Gītā-mālā
(A Garland of Songs)

Chapter Four
Śrī Śrī Rūpānuga-bhajana-darpaṇa
(A Mirror Reflecting the Worship Which Follows Śrīla Rūpa Goswāmī)

Song 6

(1)
rūpānuga tattwa-sāra   bujhite akaṅkha jāṅra
rasa-jñāna tāṅra prayojana
cinmoya ānanda-rasa   sarba-tattwa jāṅra baśa
akhaṇḍa parama tattwa-dhana

 1) Whoever has a longing to understand the essential truth of the reality of rūpānuga, then for him it is necessary to have some basic knowledge of transcendental mellows. And such spiritually blissful conscious mellows influence and control all other subordinate truths, for they are the hidden treasure of the supreme, absolutely undividable Truth of all Truths.

(2)
jāṅra bhāṇe jñāni jana    brahmāloya-anweṣaṇa
kore nāhi bujhi’ beda-marma
jāṅra chāyā-mātra bore    jogī-jana joga kore
jāra chale karmi kore karma

 2) In pursuit of this same spiritual mellow, the philosophical speculators search for fusing themselves with the impersonal Brahman effulgence, not understanding the real import of the Vedic conclusion. And all the desired boons of the yogis are simply shadow reflections of this rasa. On the plea of this taste, the karmīs execute all their fruitive activities.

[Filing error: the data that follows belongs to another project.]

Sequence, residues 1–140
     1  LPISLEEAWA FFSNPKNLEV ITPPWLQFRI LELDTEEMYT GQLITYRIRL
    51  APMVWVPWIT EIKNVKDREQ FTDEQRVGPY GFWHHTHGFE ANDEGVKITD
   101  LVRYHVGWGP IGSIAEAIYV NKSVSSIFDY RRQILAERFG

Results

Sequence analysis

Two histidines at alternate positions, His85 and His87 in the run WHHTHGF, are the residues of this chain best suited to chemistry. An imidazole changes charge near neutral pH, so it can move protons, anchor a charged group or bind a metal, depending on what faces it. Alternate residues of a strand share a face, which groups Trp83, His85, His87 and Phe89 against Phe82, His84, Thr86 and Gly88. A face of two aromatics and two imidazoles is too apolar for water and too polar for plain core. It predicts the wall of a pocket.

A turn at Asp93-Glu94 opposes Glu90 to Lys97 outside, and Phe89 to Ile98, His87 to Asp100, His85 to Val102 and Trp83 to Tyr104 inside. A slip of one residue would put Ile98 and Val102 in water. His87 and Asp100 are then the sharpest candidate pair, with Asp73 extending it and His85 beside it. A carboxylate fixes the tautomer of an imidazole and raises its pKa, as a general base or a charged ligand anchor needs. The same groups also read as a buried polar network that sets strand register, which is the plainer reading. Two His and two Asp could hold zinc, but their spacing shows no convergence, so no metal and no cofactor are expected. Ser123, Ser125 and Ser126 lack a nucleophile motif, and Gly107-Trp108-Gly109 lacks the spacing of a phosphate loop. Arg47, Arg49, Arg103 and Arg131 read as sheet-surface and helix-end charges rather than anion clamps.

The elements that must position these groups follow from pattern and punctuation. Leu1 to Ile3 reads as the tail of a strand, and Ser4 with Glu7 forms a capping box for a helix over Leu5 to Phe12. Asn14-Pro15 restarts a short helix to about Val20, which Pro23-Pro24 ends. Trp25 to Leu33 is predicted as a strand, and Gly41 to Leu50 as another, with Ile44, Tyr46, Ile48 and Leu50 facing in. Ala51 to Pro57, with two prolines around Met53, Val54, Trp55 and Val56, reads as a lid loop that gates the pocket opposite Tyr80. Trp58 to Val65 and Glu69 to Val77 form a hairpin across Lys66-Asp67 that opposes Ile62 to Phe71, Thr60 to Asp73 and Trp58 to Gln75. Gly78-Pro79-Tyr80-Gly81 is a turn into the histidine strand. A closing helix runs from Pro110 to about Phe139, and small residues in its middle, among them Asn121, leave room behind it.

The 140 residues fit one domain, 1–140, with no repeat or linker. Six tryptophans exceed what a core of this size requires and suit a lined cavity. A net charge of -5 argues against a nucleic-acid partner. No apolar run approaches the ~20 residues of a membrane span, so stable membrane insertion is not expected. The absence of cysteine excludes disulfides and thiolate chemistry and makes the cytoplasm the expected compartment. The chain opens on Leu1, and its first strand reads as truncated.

(3)
bibhāba anubhāba āra    sāttwika sañcārī cāra
sthāyī bhābe milana śundara
sthāyī bhābe rasa hoya    nitya cid-ānanda-moya
parama āswādya nirantara

3) The permanent basis of ecstatic mellow is called sthāyī-bhāva, and is abounding in eternal, conscious bliss. It becomes the topmost relishable euphoria when it mixes into a beautifully delicious combination with these four elements: 1) Vibhāva (specific stimulants and supporting characters) 2) Anubhāva (thirteen resultant ecstatic symptoms) 3) Sāttvika (eight especially disruptive ecstatic symptoms) 4) Sañcarī (thirty-three transitory accompanying emotions).

(4)
je rasa prapañca-gata    joḍa-kābye prokāśita
parama rasera asan-mūrti
asan-mūrti nitya hoya      ādarśera chāyā hoya
jena marīcikā jala-sphūrti

4) When rasa is expressed in the material world, it is praised throughout the materialistic literature of the world, but that is only a perverted reflection of this supreme mellow. It is temporary and is just like an imitation copy of the real thing, similar to a mirage which appears to be water in a desert.